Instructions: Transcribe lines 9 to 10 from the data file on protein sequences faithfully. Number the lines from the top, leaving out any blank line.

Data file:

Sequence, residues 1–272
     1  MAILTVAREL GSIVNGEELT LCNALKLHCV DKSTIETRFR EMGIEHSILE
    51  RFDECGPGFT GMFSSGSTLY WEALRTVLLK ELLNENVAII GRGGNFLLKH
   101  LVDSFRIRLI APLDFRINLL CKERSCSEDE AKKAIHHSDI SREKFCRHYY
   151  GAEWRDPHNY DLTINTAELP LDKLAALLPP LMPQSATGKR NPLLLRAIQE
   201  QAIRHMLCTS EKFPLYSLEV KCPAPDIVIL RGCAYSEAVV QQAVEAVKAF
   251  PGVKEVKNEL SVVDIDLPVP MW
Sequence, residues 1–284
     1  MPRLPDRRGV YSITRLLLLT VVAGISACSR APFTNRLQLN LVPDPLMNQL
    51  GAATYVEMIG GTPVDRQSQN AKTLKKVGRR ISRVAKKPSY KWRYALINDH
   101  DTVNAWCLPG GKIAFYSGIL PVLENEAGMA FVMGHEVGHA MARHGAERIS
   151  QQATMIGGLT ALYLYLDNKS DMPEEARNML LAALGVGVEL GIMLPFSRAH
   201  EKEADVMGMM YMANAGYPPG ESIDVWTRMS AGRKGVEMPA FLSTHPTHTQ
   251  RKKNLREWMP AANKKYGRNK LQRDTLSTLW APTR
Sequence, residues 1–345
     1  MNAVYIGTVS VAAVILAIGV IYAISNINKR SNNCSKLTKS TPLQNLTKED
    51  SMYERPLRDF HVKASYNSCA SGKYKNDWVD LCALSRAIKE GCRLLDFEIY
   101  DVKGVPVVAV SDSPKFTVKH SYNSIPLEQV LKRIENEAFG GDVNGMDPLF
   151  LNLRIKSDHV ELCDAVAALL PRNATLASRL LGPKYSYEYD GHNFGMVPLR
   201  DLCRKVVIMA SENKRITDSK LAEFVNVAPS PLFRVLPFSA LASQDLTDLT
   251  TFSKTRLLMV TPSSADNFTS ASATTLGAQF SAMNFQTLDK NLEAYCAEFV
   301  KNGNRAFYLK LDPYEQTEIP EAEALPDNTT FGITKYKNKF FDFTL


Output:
     1  MPRLPDRRGV YSITRLLLLT VVAGISACSR APFTNRLQLN LVPDPLMNQL
    51  GAATYVEMIG GTPVDRQSQN AKTLKKVGRR ISRVAKKPSY KWRYALINDH